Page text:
Hart said the financing essentially leaves the park debt-free.
"This allows us to take our cash and put it into the park," Hart said.
Hart said the operating group will move quickly to refurbish the rides and expand some attractions, such as the water park and plans to begin assessing the grounds early next month. All but one ride, a metal roller coaster that is in disrepair, will be reopened, Hart said.
Hart pledged to make Kentucky Kingdom competitive with Holiday World, in Santa Claus, Ind., and Kings Island in Cincinnati. Hart said Kentucky Kingdom admission would be "priced aggressively" to draw tourists not only from Kentucky, but also Tennessee and Indiana. Hart wouldn't give specifics on expected attendance, but said more than 1 million people should pass through the gates annually after the first three or four years.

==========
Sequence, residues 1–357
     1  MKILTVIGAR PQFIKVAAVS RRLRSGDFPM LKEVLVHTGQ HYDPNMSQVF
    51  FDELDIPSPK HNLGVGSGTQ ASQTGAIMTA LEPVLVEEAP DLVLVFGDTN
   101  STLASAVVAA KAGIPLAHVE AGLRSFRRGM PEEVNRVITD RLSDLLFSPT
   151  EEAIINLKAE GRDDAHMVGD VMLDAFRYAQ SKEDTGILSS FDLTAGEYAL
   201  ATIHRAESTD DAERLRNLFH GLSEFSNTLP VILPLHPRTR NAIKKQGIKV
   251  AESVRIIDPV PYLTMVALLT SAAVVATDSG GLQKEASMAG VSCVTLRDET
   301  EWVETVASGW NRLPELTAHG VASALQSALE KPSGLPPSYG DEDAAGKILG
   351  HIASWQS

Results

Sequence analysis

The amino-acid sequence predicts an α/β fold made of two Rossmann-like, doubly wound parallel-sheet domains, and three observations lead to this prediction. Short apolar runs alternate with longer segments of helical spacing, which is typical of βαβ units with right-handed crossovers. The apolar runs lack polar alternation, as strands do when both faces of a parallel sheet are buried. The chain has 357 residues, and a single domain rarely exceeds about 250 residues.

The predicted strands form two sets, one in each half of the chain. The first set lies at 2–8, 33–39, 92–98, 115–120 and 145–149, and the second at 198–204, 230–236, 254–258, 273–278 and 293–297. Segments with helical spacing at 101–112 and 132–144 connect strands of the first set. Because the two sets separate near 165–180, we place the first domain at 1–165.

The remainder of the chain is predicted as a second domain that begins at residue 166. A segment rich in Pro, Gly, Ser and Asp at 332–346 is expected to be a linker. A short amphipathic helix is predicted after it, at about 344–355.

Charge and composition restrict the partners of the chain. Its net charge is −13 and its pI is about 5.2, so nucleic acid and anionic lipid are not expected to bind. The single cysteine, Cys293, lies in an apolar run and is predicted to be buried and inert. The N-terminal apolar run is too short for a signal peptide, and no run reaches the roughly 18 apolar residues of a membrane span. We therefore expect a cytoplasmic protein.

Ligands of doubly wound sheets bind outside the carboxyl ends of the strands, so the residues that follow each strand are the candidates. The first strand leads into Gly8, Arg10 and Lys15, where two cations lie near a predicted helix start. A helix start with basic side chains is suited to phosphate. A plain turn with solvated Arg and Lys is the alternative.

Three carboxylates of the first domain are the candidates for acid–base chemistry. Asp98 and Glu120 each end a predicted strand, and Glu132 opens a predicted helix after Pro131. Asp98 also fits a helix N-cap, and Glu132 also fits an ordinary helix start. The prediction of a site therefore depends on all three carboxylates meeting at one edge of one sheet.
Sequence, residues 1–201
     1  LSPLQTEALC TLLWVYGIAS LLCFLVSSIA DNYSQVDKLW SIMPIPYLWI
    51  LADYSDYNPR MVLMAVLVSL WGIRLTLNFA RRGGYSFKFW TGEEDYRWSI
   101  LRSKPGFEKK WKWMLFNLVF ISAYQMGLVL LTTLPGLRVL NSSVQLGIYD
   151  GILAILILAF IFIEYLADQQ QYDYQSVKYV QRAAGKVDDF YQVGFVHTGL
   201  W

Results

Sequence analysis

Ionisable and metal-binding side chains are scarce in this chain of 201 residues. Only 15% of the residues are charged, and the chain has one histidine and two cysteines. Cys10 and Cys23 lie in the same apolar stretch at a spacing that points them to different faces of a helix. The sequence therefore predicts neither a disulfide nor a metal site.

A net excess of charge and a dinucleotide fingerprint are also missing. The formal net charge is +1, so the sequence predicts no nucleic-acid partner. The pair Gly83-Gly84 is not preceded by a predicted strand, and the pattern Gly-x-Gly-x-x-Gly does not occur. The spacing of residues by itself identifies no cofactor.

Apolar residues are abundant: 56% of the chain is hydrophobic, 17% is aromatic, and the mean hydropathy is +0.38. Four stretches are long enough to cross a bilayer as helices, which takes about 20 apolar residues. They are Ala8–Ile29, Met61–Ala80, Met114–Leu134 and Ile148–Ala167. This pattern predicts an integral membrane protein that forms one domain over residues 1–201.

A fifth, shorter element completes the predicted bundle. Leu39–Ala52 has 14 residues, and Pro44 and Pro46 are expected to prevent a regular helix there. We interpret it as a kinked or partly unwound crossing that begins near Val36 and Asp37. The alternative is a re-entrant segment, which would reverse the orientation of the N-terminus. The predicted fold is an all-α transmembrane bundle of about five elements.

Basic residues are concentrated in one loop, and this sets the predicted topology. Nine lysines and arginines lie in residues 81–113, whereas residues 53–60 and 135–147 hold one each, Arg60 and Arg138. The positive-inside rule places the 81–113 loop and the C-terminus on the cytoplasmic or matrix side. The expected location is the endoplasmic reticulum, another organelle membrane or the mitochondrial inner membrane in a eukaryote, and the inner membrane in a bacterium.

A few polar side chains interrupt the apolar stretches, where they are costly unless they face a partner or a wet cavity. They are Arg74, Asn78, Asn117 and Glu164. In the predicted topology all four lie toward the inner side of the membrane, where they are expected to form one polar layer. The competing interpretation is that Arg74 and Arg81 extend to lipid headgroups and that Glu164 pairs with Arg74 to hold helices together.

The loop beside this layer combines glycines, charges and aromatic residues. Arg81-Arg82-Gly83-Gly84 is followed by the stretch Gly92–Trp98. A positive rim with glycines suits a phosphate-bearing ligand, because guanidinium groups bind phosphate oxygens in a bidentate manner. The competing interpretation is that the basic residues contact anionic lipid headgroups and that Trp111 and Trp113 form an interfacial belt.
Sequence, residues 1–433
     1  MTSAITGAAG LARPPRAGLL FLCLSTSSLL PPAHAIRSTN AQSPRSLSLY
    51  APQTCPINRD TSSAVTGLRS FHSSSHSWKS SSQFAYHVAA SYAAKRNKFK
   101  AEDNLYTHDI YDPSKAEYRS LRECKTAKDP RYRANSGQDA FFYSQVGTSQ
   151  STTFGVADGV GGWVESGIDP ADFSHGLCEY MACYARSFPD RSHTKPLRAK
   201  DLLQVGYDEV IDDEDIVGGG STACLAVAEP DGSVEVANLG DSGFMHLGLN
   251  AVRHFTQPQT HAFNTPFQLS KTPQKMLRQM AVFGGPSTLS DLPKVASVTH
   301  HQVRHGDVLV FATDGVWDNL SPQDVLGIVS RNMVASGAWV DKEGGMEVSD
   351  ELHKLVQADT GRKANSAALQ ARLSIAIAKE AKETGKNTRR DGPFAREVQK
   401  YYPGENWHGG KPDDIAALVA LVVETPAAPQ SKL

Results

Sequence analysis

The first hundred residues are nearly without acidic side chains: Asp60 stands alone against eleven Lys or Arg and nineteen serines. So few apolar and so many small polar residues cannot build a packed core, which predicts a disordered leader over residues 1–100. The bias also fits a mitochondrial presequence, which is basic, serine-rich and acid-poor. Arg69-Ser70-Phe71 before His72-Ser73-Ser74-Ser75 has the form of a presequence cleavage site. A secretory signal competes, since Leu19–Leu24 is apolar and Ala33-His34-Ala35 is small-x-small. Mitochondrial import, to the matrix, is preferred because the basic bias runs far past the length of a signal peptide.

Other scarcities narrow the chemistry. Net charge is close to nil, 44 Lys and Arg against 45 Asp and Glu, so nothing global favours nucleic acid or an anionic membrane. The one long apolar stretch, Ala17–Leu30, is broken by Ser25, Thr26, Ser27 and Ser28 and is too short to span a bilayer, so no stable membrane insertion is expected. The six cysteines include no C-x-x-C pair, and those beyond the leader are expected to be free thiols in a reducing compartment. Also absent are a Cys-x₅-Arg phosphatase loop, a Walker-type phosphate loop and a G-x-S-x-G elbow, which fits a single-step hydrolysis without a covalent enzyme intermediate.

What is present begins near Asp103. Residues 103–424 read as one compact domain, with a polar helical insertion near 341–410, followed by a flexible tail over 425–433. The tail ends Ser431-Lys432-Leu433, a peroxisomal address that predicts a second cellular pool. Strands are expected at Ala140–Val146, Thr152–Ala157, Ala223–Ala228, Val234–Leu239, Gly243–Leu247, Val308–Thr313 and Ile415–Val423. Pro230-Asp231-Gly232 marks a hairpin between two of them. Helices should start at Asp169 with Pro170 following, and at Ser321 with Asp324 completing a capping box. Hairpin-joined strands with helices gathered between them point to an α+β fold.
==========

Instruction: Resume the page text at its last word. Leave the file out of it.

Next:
"I think the pent-up demand for this park is just extraordinary," Hart said.
The lease announcement drew praise from city and state officials.
Gov. Steve Beshear called the lease a "shot in the arm" for local and regional tourism." Beshear and Metro Councilman Jim King expressed hope that the roughly 1,000 full-time and seasonal jobs the park brought to the area will return.
"The Kingdom is one of the keystones to our city," King said.
Follow Associated Press reporter Brett Barrouquere on Twitter: http://twitter.com/BBarrouquereAP